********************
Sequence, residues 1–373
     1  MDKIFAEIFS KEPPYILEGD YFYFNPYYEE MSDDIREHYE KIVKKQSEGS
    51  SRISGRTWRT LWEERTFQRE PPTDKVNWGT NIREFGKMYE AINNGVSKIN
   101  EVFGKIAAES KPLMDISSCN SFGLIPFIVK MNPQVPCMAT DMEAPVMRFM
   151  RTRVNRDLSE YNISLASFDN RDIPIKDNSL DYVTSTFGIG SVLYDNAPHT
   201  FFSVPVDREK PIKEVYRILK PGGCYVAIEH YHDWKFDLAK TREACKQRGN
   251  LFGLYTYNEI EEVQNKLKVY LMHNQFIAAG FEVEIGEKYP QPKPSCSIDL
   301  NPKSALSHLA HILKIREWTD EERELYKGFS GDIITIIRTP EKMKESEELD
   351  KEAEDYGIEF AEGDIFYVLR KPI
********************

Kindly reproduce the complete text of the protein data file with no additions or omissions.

Sequence, residues 1–373
     1  MDKIFAEIFS KEPPYILEGD YFYFNPYYEE MSDDIREHYE KIVKKQSEGS
    51  SRISGRTWRT LWEERTFQRE PPTDKVNWGT NIREFGKMYE AINNGVSKIN
   101  EVFGKIAAES KPLMDISSCN SFGLIPFIVK MNPQVPCMAT DMEAPVMRFM
   151  RTRVNRDLSE YNISLASFDN RDIPIKDNSL DYVTSTFGIG SVLYDNAPHT
   201  FFSVPVDREK PIKEVYRILK PGGCYVAIEH YHDWKFDLAK TREACKQRGN
   251  LFGLYTYNEI EEVQNKLKVY LMHNQFIAAG FEVEIGEKYP QPKPSCSIDL
   301  NPKSALSHLA HILKIREWTD EERELYKGFS GDIITIIRTP EKMKESEELD
   351  KEAEDYGIEF AEGDIFYVLR KPI